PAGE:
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Kickers fall head over feet

TAMPA, Fla. -- Five days every week, Doug Brien steps into the basement closet in his suburban New Orleans home. There, in the soothing darkness, he contemplates his navel for 40 minutes -- actually, it is a spot several inches below and behind his navel, but we'll get to that later -- and practices his powers of concentration.

Doug Brien
The Saints' Doug Brien says maintaining the mental edge is the most important aspect to kicking.
"No," says Brien, the New Orleans Saints kicker, "I'm not crazy. Seriously, it helps me focus and that makes me a better kicker."

These meditative moments are Brien's daily oasis. They shelter him from the stress that comes with a new baby, a nearly completed MBA at Tulane and, of course, a career as an NFL kicker. Most players in the league do not consider kickers to be real athletes but, mentally speaking, the good ones are true champions.

Kickers generally place the mental/physical ratio of the job around 90/10. Brien, who as a rookie converted all seven of his extra points for San Francisco in Super Bowl XXIX, thinks it's more.

"You can go as high as 95 percent," Brien says. "The guys who are consistent, year in and year out, are the ones who master the mental part of the game."

Welcome to the kicker's couch, where a few inches can be the difference between a good year and a very, very bad one.

Kickers, as you might expect, are well-versed in denial. There is an undeniable power to positive thinking.

"There is always going to be pressure on a kicker," says the Giants' Brad Daluiso. "I try not to think about it. You want pressure, try family pressure. My wife and I had twins one and one-half years ago (Mia and Renato). Now that's a touch-and-go situation. Bringing life into the world is a lot more pressure than kicking a little ol' football."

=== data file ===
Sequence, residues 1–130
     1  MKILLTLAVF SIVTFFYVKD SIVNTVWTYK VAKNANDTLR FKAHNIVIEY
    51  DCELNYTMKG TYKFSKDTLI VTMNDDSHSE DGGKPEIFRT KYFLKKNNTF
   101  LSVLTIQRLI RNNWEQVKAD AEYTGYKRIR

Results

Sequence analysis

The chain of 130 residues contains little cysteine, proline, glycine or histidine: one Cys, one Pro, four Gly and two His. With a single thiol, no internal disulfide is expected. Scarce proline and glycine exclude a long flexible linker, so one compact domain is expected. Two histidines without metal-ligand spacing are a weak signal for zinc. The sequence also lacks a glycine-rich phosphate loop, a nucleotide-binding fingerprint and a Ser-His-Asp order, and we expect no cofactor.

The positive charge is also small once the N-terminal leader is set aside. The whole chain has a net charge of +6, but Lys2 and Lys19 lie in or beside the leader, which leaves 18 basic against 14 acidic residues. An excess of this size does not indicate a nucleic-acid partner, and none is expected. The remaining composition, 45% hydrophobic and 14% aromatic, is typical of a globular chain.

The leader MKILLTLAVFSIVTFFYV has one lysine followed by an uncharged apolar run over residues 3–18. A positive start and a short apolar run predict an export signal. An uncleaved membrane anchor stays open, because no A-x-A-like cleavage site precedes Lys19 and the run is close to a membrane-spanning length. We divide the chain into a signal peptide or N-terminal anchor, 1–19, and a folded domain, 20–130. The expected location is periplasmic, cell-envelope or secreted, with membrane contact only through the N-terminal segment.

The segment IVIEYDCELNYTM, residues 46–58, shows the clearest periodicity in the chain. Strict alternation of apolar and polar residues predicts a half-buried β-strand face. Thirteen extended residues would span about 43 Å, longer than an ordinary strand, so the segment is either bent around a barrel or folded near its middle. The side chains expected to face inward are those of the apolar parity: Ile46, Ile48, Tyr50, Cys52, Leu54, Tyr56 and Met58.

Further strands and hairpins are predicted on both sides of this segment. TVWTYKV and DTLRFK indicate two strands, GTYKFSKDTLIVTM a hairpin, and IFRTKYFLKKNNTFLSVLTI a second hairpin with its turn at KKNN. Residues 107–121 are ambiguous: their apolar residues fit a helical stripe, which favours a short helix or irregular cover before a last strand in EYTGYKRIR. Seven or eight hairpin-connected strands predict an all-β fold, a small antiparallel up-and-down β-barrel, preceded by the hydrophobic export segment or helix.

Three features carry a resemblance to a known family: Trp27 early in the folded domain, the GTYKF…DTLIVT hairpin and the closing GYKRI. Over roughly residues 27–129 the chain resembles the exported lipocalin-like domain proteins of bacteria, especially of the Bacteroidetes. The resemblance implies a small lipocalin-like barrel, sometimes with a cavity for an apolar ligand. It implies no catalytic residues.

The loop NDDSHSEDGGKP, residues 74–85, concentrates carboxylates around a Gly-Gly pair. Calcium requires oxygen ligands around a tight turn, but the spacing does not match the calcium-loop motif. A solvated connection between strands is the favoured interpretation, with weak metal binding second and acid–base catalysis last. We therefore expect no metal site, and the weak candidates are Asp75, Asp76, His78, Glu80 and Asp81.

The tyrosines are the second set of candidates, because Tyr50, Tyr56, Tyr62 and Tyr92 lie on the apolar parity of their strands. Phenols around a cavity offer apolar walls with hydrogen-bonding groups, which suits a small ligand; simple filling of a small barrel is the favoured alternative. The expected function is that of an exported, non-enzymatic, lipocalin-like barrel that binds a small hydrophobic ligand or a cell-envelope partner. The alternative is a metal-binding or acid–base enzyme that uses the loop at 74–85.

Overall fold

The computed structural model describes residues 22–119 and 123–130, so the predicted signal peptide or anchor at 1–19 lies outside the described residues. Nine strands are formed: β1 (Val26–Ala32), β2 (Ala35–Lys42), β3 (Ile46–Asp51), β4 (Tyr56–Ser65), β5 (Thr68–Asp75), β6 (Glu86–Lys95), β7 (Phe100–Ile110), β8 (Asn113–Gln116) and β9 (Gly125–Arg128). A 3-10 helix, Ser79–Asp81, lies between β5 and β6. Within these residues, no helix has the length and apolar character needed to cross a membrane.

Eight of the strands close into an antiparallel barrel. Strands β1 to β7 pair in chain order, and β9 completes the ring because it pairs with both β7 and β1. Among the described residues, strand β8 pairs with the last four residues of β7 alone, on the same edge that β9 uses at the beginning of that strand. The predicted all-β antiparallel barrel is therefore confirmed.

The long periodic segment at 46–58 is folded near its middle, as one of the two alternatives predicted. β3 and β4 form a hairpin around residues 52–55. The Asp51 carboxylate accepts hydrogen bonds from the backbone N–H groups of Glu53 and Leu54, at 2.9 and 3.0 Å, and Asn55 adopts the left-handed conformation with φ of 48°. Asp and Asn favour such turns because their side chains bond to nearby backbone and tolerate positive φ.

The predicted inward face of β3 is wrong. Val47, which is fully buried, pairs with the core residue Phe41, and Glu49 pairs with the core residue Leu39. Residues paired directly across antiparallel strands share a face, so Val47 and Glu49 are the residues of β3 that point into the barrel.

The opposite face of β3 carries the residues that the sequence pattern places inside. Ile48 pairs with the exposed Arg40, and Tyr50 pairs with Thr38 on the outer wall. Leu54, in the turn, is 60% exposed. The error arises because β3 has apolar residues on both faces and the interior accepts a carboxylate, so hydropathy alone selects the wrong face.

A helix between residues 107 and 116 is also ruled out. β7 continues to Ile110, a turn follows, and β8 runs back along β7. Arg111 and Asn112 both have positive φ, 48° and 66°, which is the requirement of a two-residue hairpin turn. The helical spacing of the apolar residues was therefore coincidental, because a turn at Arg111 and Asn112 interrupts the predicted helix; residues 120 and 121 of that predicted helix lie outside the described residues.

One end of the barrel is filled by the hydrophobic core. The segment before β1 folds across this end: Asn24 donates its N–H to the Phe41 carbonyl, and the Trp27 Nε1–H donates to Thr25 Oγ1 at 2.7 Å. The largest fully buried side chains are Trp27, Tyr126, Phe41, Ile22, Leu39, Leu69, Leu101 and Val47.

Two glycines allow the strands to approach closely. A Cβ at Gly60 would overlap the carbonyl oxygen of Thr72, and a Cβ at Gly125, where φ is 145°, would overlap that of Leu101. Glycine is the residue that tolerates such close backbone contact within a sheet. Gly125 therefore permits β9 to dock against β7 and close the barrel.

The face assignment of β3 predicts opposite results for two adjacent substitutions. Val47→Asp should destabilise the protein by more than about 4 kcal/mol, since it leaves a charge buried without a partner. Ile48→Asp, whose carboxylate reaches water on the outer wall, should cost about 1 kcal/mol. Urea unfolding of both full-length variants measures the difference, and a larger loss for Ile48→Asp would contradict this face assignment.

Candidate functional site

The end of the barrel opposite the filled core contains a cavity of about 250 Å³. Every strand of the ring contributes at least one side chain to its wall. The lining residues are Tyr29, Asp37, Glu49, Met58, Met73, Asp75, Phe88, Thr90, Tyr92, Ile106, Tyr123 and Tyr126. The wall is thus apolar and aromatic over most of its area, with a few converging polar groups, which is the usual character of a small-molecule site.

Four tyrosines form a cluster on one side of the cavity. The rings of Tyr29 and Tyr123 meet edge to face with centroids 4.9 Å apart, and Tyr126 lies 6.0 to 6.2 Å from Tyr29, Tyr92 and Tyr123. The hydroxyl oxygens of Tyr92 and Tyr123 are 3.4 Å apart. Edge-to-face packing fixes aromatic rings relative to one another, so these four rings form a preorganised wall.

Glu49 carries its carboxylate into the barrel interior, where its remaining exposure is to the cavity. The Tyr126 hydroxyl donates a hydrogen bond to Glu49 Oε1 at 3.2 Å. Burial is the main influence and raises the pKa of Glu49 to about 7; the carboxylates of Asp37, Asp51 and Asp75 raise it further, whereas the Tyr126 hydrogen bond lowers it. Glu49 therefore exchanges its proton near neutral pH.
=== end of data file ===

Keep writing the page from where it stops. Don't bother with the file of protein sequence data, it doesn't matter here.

Baltimore's Matt Stover, Daluiso's counterpart in Super Bowl XXXV, says, "You do not think about the possibility of failure. You put yourself only in positive situations."

It doesn't always work out that way. Two Super Bowls have come down to a field goal in the final seconds: Super Bowl V and Super Bowl XXV. Baltimore's Jim O'Brien made his kick from 32 yards out and the Colts defeated the Dallas Cowboys 16-13. Buffalo's Scott Norwood missed his attempt from 47 yards and his Bills fell to the Giants 20-19 right here in Tampa.

"I still kind of refuse to think about what it would have been like if I hadn't made it," says O'Brien, who oversees development projects in Thousand Oaks, Calif. "It wasn't in my vocabulary or thought patterns to think about missing it. Nor was it in Scott's until it happened."

Matt Stover
Ravens kicker Matt Stover says he never thinks about failure.
The Norwood miss, a difficult kick considering the grass field, a breeze and the chill of the late hour, is the Rosetta Stone for all kickers. All truths of human character are revealed in that tragic series of events. And, besides, it was the holder's fault.

"That kick was bad the whole way," Brien says. "It was a bad hold. (Frank Reich) puts it down and the laces are to the right. Of course, the ball tails off to the right."

Norwood himself understands the fickle lens of history. While he and O'Brien both grazed our national consciousness for the requisite 15 minutes of fame, O'Brien is seen as a winner. And Norwood? Well ...